Star Rating out of 5: 3

‘A few seconds later a door flew open a few yards from him and a woman ran out of it, wild-eyed and howling.’

I do have the second book ‘The Long Dark Tea-time of the Soul’ to read but that may have to wait till I have the time. Don’t worry though, I’ll post a review when I’m done, just out of interest has anyone read this book? Or any other work by Douglas Adams who is probably most renowned for his epic novel ‘The Hitchhiker’s Guide to the Galaxy’ – comment below if you have? I’d love to hear recommendations of his other work and of course your thoughts on this if you have read it!

Until next time.



What Else Am I Doing?…..

I often worry that my lovely, loyal readers think that I am procrastinating or taking my sweet time when reading books, but I assure you I am reading most of the time (largely in thanks to my daily commute to work) but I have also been busy this year, reading and reviewing books for the wonderful website Belle About Town.

Here are some of my latest offerings to the site, please do check them out.

Thankfully my book reviews seem to be doing well and from March I will have a MONTHLY article on the site that will cover not one, not two but THREE book reviews. I’m really happy and love being part of the site, but don’t worry I won’t neglect you guys. Just yesterday I finished reading another book as part of the 2015 Reading Challenge in which I am partaking, and have started on another one today. So keep your eyes peeled for a review in the next day or two.

Happy, snug reading to one and all.



Currently Reading.

I was feeling so low on energy today that I let my kitten Mr Tibbs stick his paw into the jar and pick one out for me instead (you can witness the cuteness here;

But the book that was selected out of my TBR jar is…


Bridget Jones: Mad About the Boy by Helen Fielding.



As usual, I’ll put a review up as soon as I’m done.


Happy reading fellow bookworms, and remember it’s ok to have more books than shoes.


Book Review – Americana by Don DeLillo

I’m not familiar with Don DeLillo but upon uploading a photo of my latest selected book, quite a few people were quick to say how good ‘Americana’ was and how much they enjoyed it.


I have to say, I wasn’t disappointed. It follows David Bell who seems to be the All American boy, living the American dream. He works as a television executive, lives in a swanky apartment and has an ex wife with benefits, if you catch my not so subtle drift. But David seems displeased with his comfortable life and is desperate to expose the real America, or unseen America. The book is broken up into Four Parts, which show David at different stages.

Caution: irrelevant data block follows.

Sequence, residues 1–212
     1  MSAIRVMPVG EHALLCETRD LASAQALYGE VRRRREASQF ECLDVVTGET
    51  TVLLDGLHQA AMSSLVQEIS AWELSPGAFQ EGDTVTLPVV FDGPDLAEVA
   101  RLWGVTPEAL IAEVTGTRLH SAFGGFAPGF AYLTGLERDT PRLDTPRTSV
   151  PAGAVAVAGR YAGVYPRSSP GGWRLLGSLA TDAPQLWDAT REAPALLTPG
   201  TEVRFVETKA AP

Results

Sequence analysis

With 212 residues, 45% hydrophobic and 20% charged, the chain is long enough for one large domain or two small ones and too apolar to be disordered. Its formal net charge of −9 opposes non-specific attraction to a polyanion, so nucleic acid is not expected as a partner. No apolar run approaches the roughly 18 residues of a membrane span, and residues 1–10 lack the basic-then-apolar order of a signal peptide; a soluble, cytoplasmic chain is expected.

In the first part David is an almost Patrick Bateman style character, and although there’s a lot of humour in the first part of the book, it’s also incredibly pretentious and hard to feel any kind of sympathy for the people he tries to screw over or spreads rumours against via Binky his secretary.

Four months earlier, at a party aboard a tugboat repeatedly circling the Statue of Liberty, she had gone around telling everyone she had dropped one of her pubic hairs into Mastoff Panofsky’s scotch and soda. Everybody was afraid of her’ – Like I said, you can’t help but feel that David is right to be growing tired of surroundings with such callousness and fakery, despite being one himself.

He sets out on the road to make a documentary on the Navahos but never quite makes it, instead taking time to make his own film. Don DeLillo has written the book so beautifully descriptive and poetic, that it’s easy to see how David sees life as one long motion picture made up of different moments. He uses people he meets in his journey to appear in his film, and it is in the second part of the book that we learn about David’s childhood and growing up. During this section of the book, I took that David was struggling to overcome the death of his mother and her illness and also grasp a better understanding of some of the moments he witnessed as child. There’s page upon page of imagery-laden dialogue, which at times could be hard to follow, as it seemed nonsensical, but I think that’s what DeLillo wanted. To make us feel as confused and ‘falling in’ on ourselves as David felt.

‘We plan the destruction of everything which does not serve the cause of efficiency.’

In the final parts of the book David seems to have emptied his conscience and soul of the doubt and need he had been carrying round, he continues his journey and meets numerous people on his travels, which offer him more insight and perspective to the real America and it’s people. A great book, which deals with everything from sex and death, to finding your calling in life and whether happiness can be achieved. I’d recommend this to people who love vivid descriptions of imagery and want something a little different than your typical ‘finding yourself’ novel.